Red Sky Comics in Downtown Merced

Imagine that you are standing in a room with blood red walls.

Shelves and shelves of glossy comic book covers are summoning you to embark on a fantastical journey starting with the first page. You zero-in on a captivating cover, and you realize that this is the story you are dying to read.

Welcome to Red Sky Comics.

Owner Michael Smid, a comic book collector himself and now a sales gentleman, opened Red Sky Comics in downtown Merced in 2010.

As you walk into Red Sky Comics, you will find a wide variety of newly released comic books, popular comics, creator-owned small indie comics, and much more.

“You’ll be surprised,” says Smid. “There’s a good story out there for everyone.”

In the back there is also Magic: the Gathering merchandise, where Friday Night Magic tournaments are held at the store. Red Sky also participates in comic book conventions, such as Collect-A-Con in October.

When the front door opens, UC Merced student Connor Wong and a friend enter the store. Wong shares, “My dad wrote and collected comics, so comics have always been an interest of mine. When I came to Merced, I wanted to keep with that hobby and I found this store.”

But there is a deeper appreciation that tails the hard work behind a finished product, “Most people don’t understand that in a regular 20-page comic book, there’s probably 300 hours worth of creator’s time that goes into that. It’s amazing how much time and effort goes into books,” Smid explains.

Smid also addresses the changing medium of comics in the face of technology. “There’s people who don’t even do print books anymore.” He explains that Webcomics is an alternative for some. But Smid mentions that once an audience is established through the web, physical copies for readers to own are the next step.

The importance of comics is evident in the classroom, too. UC Merced Writing Professor John Bultena is currently integrating comics into his class curriculum, as he has done before.

“You get students who say, ‘What the hell is this guy doing?’ and that’s fine. I accept that.”

Professor Bultena describes comics as a “launching point” for students towards understanding visual literacies.

Among other texts, Professor Bultena is teaching Understanding Comics – Invisible Art by Scott McCloud, a textbook in comic form. He is also teaching a narrative comic titled Snowpiercer, authored by Jacques Lob and illustrated by Jean-Marc Rochette, which was released this year as a feature film.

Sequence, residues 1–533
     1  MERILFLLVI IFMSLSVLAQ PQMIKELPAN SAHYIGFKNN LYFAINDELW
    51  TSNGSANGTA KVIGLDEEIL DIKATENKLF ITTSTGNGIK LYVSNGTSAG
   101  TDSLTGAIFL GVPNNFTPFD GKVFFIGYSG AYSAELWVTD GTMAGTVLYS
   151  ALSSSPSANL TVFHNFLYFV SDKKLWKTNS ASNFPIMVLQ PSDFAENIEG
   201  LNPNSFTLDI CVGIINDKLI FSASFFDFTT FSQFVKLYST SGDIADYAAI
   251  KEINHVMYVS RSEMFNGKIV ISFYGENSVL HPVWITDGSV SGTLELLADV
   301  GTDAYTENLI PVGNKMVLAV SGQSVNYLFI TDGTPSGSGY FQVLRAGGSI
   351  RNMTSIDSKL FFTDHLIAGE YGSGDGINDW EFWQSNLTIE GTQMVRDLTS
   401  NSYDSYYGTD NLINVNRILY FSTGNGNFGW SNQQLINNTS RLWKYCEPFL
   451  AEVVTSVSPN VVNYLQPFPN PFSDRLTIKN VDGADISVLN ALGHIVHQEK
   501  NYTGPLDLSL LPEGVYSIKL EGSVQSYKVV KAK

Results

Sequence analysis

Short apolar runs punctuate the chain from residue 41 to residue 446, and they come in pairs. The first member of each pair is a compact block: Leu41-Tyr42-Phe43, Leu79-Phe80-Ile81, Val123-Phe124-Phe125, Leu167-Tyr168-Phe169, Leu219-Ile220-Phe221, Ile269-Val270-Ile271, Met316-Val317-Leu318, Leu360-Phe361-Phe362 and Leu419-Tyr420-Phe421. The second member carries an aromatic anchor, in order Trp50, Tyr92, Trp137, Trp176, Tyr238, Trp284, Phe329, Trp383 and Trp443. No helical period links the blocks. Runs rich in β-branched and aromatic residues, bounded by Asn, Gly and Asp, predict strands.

Interestingly, Professor Bultena prefers teaching creator-owned comics over big publishing houses such as DC (Detective Comics) or Marvel.

“Creators actually own their characters front-to-back. They do with them as they like, write what they want, and tell the stories they want to tell,” he explains.

Bultena notes that generally only 10% of his class has actually read a comic. Most are familiar with comics through TV shows and movies. As a result, they do not spend enough time to analyze artwork in a published format. Some students ask, “I’m supposed to take time with the pictures?”

“Well, that’s why someone spent the last three months of their life drawing the damn thing!” Bultena has thought to himself. He adds, “Then the students go back and read with conjunction and take time with it to see how things correlate; [they begin to understand] what’s going on. It’s really fascinating how complex comics actually are.”

Last month professor Bultena appeared at StocktonCon, a comic convention, and spoke on a panel titled “Comics in Education,” which engaged teachers to share how they incorporated comics in class curriculum.

So what kind of story would you want to read? Whatever your answer may be, stop by Red Sky Comics and take a look around. You are just one page away from your very own journey.

Allie Teaze
News Editor

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